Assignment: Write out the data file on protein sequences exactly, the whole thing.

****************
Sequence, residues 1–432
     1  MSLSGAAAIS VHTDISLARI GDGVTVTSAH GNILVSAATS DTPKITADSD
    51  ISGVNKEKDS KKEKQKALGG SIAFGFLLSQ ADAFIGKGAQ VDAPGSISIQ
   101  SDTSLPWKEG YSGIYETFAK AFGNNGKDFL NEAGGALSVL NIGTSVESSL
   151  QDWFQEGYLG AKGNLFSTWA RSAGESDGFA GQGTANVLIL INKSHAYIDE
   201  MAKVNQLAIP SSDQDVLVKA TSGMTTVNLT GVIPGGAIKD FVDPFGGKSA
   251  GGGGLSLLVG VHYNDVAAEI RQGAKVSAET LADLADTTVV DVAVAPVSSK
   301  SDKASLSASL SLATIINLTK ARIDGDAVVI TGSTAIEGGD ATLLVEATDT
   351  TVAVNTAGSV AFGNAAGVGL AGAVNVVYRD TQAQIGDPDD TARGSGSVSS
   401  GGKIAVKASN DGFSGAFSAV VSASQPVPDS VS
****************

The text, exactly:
Sequence, residues 1–432
     1  MSLSGAAAIS VHTDISLARI GDGVTVTSAH GNILVSAATS DTPKITADSD
    51  ISGVNKEKDS KKEKQKALGG SIAFGFLLSQ ADAFIGKGAQ VDAPGSISIQ
   101  SDTSLPWKEG YSGIYETFAK AFGNNGKDFL NEAGGALSVL NIGTSVESSL
   151  QDWFQEGYLG AKGNLFSTWA RSAGESDGFA GQGTANVLIL INKSHAYIDE
   201  MAKVNQLAIP SSDQDVLVKA TSGMTTVNLT GVIPGGAIKD FVDPFGGKSA
   251  GGGGLSLLVG VHYNDVAAEI RQGAKVSAET LADLADTTVV DVAVAPVSSK
   301  SDKASLSASL SLATIINLTK ARIDGDAVVI TGSTAIEGGD ATLLVEATDT
   351  TVAVNTAGSV AFGNAAGVGL AGAVNVVYRD TQAQIGDPDD TARGSGSVSS
   401  GGKIAVKASN DGFSGAFSAV VSASQPVPDS VS